Joyner’s emphasis is squarely on entertaining, with regular segments such as the “It’s Your World” soap opera, “Melvin’s Lovelines,” comedy bits from Brown, Myra J., and Miss Dupree, and the “Old School Breakfast Mix” music medley of soul classics, tailored for Joyner’s over-thirty demographic. (Two subjects are sacrosanct: Oprah and Aretha.) Joyner knows his listeners wield considerable clout, and he has promoted voter registration drives, among other causes, on his show. “Most African Americans don’t read the newspaper or watch the news on TV,” he says. “People depend on us for that.” Last year Tavis Smiley, a Joyner regular and talk show host on Black Entertainment Television, reported that Christie’s auction house was about to sell runaway-slave reward posters. Pressure applied by Joyner’s audience forced Christie’s to cancel the auction.

Radio is Tom Joyner’s life. “It’s all I do,” he says. A native of Tuskegee, Alabama, Joyner got hooked on radio early in life, inspired by role models like Father Rock, who spoke in fast-paced, jive-talking rhyme on WRMA-AM from nearby Montgomery, and John R., a blues and soul deejay heard around the nation on Nashville’s 50,000-watt WLAC-AM. Joyner landed in Dallas in 1972, hustling a shift on KKDA-AM. That led to a gig in Chicago five years later, where exposure in magazines like Jet and Ebony helped establish the smooth, gregarious Joyner as the most recognized black deejay in America. He returned to Dallas in 1983, claimed the morning drive slot on KKDA, and generated even larger numbers. Two years later he began his famous eight-year Fly Jock gig, doing the morning drive shift on KKDA-FM in Dallas and flying to Chicago for the afternoon drive slot on WGCI-FM. When Joyner shelved the commute in 1993, ABC was conveniently waiting with a five-year, $15 million contract. The Tom Joyner Morning Show debuted in January 1994, broadcast on 28 affiliates.

The concept was built upon reaching an older, more affluent black audience with national advertising. So far, it’s one of the few syndicated daily radio shows not in New York or L.A. that are actually working. The number of stations carrying the program has more than tripled in four years, and his ratings have increased respectably. Still, Joyner is not in every market. Yet. “There are big holes in the lineup right now that we’ve gotta fill. We’re not on in New York, we’re not on in San Francisco—Oakland, and we’re not on in Houston.” And he’s no longer the top black jock in Dallas either—two local morning shows are beating his syndicated fare.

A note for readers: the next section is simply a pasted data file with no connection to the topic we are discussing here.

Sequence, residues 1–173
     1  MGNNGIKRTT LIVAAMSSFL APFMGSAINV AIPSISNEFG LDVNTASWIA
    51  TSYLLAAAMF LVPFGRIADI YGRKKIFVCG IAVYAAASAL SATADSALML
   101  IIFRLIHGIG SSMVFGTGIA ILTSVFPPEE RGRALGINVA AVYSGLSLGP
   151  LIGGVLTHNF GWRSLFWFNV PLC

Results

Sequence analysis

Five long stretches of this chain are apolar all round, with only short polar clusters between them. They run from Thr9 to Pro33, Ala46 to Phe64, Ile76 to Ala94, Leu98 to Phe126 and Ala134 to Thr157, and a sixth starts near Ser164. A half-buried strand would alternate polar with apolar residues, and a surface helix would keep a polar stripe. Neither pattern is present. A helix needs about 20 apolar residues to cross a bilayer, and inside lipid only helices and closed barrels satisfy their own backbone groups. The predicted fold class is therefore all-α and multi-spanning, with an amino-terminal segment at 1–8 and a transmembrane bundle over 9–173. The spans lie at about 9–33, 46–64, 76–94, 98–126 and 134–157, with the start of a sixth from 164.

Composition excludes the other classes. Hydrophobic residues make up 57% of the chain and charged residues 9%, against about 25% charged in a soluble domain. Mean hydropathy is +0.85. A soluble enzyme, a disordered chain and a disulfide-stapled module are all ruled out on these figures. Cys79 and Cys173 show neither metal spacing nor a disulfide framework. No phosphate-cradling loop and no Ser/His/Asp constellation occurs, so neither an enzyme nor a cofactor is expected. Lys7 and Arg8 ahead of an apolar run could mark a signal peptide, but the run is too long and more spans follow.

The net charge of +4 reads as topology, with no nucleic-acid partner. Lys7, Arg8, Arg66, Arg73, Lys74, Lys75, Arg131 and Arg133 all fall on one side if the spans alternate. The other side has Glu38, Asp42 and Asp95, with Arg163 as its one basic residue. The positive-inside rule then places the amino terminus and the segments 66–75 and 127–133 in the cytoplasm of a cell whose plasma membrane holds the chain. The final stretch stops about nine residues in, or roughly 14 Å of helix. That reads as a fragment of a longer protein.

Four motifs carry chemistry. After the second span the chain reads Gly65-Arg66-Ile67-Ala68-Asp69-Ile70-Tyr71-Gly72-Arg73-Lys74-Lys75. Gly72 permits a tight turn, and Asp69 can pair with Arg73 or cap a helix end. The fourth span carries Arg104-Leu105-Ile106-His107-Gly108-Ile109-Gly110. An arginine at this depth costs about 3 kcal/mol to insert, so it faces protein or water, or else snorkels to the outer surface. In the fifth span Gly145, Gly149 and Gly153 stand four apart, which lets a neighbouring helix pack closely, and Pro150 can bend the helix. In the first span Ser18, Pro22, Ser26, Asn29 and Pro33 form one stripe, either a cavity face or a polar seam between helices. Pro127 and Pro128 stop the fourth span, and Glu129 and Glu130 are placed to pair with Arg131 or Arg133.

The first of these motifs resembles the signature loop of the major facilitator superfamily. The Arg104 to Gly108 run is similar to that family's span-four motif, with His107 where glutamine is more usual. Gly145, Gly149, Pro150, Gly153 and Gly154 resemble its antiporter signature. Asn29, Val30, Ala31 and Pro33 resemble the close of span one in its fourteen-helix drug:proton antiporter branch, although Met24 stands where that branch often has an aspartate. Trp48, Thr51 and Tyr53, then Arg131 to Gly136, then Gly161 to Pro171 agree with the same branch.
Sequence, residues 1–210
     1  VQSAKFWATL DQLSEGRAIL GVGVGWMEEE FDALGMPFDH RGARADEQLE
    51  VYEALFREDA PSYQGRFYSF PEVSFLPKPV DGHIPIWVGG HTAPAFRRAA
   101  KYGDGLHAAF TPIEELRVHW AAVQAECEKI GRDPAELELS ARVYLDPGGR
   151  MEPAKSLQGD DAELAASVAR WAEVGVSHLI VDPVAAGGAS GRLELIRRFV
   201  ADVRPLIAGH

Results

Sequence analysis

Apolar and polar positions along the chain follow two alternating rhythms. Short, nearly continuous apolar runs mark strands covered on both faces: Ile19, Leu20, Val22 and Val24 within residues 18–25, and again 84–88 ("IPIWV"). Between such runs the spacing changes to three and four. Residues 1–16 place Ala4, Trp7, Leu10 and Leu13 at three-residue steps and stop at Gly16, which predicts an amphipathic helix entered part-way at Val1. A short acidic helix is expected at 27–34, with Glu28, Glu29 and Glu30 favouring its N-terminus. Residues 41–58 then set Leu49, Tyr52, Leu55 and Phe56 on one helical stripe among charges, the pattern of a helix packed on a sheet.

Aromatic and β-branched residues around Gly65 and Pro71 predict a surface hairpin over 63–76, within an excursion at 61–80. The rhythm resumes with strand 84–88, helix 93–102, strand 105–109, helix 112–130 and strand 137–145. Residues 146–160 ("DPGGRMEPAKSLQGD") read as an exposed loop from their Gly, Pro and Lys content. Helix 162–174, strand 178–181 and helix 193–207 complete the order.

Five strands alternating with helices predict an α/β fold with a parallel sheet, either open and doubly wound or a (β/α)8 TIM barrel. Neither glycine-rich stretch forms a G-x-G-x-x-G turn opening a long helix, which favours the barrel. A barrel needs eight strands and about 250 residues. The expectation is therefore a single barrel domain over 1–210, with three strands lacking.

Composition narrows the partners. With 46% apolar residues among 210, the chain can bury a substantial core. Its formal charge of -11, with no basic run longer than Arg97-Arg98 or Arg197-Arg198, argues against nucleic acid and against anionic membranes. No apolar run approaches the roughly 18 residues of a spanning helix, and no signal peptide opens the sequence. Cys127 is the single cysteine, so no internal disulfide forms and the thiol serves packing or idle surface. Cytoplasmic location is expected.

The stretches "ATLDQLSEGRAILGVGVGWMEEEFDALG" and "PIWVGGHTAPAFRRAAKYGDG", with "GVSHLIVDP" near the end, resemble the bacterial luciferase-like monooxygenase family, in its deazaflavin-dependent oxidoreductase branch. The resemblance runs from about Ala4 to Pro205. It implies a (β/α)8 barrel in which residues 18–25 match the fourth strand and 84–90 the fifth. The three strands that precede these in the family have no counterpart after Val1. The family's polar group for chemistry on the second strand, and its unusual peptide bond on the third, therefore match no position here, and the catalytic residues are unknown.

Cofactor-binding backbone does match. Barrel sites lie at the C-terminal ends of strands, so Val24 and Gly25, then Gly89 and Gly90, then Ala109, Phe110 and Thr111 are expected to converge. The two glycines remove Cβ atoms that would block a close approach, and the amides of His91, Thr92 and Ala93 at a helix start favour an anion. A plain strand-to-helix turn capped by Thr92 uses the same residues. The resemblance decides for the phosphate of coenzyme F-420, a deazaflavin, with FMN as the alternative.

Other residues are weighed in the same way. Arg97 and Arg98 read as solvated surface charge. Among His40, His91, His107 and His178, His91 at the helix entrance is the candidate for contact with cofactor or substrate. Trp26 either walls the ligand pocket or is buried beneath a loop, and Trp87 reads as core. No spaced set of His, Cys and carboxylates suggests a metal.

The real challenge, though, says Joyner, is overcoming the institutional racism riddling his industry. He points to the Telecommunications Act of 1996 that allows a single company to own up to eight stations in one market. The law sent the price of a radio station skyrocketing into the tens of millions, making it harder than ever for black people to own a station. That, in turn, limits advertising opportunities, and ad revenues drive the medium. “We can’t get CompUSA to advertise with us,” he complains. “I was in CompUSA last week, and I saw plenty of black people shopping there. Why wouldn’t you want to go after black folks? We’ve got money. My audience costs less to advertise to than [Howard] Stern’s. It’s institutional racism. Institutional racism is stupid business.”

It’s time to get back on the air. “Cleveland’s on line ten,” LaDor Frank shouts over the Commodores’ seventies hit “Brick House.” Ross Alan speaks quietly into the mike. “One minute before you join the Tom Joyner Morning Show.